the Renault File

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By Eric Dymock

Published by Haynes, £19.99. ISBN 0 85429 995 5

Few car companies can boast a longer or more varied history than Renault. In their time, the people at Renault have produced tiny shopping cars and luxury limousines, Formula One racers and Le Mans winning sportscars. Given this, I suppose, it was inevitable that in the year of their centenary, someone would attempt to catalogue every car produced by the marque.

Usually I have little time for such works. What tends to happen is that either the result is nothing like as comprehensive as the author would like us to believe, or so little space is made available to each entry that there is insufficient room for meaningful comments to be made. I’m thankful, therefore, that it is Eric Dymock’s name that appears on the cover. In fact it’s his actual signature but we won’t quibble over the details. If anyone is going to do a genuinely thorough job which is worth reading, it is Dymock, and you only have to read his recent biography of Jim Clark to know it.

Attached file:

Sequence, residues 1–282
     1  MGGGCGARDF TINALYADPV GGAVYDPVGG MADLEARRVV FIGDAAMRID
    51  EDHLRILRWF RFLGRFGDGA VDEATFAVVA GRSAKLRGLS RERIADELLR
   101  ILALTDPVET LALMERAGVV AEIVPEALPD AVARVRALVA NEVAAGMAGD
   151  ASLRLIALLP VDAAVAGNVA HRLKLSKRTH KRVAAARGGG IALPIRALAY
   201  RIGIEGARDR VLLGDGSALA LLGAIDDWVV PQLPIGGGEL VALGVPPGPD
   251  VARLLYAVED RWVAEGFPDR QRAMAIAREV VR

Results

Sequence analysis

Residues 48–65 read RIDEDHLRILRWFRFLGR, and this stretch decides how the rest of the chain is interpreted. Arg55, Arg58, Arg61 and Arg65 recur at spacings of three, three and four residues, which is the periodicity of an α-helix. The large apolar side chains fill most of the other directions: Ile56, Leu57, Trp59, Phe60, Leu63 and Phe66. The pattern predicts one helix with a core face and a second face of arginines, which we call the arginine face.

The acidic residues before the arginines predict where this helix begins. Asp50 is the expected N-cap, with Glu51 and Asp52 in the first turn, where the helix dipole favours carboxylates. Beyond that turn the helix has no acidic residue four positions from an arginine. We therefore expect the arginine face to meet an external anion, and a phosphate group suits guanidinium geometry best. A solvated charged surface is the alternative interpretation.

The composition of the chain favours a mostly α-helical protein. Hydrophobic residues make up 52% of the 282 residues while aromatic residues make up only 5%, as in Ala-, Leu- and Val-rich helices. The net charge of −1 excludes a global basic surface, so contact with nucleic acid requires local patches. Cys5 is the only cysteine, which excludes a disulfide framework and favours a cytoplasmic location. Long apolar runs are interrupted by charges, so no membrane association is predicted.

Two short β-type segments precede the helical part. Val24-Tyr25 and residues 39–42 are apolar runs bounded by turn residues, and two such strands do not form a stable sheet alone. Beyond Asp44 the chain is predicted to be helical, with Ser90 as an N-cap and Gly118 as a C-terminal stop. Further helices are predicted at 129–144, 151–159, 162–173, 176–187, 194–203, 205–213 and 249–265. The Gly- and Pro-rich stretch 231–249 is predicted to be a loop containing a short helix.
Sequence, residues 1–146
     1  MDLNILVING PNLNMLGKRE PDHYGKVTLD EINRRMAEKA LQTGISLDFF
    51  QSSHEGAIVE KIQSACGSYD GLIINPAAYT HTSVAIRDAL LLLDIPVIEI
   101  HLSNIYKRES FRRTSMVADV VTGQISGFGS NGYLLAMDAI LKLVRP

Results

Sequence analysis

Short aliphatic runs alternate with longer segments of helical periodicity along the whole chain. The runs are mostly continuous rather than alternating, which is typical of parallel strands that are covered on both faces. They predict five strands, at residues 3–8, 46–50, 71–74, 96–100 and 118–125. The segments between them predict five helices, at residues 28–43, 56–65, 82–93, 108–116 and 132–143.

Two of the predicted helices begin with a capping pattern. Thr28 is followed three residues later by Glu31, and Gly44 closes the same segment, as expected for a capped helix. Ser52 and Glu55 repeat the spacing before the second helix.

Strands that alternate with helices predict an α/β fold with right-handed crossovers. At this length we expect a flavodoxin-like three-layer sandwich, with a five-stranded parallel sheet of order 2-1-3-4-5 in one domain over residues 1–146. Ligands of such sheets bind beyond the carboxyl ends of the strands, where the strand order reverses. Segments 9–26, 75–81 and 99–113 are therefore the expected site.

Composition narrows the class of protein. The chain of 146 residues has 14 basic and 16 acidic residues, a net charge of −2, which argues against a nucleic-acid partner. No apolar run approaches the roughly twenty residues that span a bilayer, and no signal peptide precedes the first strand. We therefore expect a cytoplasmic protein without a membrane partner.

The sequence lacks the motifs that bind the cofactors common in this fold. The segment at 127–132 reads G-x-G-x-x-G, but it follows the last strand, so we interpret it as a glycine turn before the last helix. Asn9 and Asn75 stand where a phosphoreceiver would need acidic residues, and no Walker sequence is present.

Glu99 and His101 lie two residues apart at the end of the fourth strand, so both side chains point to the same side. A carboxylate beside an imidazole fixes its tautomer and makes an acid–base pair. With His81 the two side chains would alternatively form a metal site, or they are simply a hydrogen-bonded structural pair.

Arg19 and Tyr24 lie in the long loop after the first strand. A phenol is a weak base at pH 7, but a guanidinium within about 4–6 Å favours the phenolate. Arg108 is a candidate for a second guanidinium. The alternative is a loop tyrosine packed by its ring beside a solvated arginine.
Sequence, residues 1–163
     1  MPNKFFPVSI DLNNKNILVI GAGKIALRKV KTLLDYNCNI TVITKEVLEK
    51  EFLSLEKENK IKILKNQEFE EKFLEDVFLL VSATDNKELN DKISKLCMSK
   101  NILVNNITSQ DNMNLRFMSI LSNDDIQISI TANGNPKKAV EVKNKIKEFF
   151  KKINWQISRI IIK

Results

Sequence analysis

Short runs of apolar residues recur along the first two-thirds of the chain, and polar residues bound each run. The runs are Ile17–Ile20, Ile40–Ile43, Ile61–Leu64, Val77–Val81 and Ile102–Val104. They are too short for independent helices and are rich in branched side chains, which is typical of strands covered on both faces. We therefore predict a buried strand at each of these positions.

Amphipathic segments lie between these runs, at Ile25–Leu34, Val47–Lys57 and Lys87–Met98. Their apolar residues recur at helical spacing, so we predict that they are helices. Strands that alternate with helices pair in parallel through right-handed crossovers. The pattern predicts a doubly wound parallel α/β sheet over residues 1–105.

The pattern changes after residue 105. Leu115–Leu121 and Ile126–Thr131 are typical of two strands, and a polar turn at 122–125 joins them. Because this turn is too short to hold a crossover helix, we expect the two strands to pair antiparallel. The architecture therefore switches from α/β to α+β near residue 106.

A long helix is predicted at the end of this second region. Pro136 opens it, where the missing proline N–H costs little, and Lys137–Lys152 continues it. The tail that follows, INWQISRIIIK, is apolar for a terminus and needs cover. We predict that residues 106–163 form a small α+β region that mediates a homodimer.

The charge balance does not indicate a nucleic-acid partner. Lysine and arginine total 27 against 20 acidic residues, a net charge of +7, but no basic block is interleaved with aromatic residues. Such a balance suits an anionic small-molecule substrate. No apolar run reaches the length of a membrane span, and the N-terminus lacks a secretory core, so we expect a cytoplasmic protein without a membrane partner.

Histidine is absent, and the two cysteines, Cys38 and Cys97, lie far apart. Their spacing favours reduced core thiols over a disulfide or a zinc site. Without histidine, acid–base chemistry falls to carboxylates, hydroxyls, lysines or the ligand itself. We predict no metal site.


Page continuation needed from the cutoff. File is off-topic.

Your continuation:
In the event, ‘thorough’ barely does it justice. In over 400 admitted small pages are presented not simply all the production cars plus various racers and the famed rally cars in the marque’s past but also such historical curiosities as the Renault Vesta 2 of 1987, an economy vehicle which looked even more strange than it sounds and the Etoile Filante, a turbine-powered record breaker which clocked 192.5mph in 1956 and established a class record which still stands to this day.

Other interest comes from generally forgotten facts like when Renault briefly sold Jeeps in France following their acquisition of 46 per cent of American Motors Corporation. The concept cars are interesting, more usually for their outlandish shapes and drivetrains than any particular relevance to cars you and I might chive. Of these, the F1-powered Espace is the prime example. Frankly I can take or leave most entries which understandably major on the road cars and serve to remind how many truly dull motors will inevitably appear over 100 years even from a company with a reputation for innovation such as that enjoyed by Renault. So it is perhaps as well that it is a reference work, not a cover-to-cover read. It works because it is easy to dip into, extract the information you need and retreat without being delayed by the tedious story-telling many such works contain.

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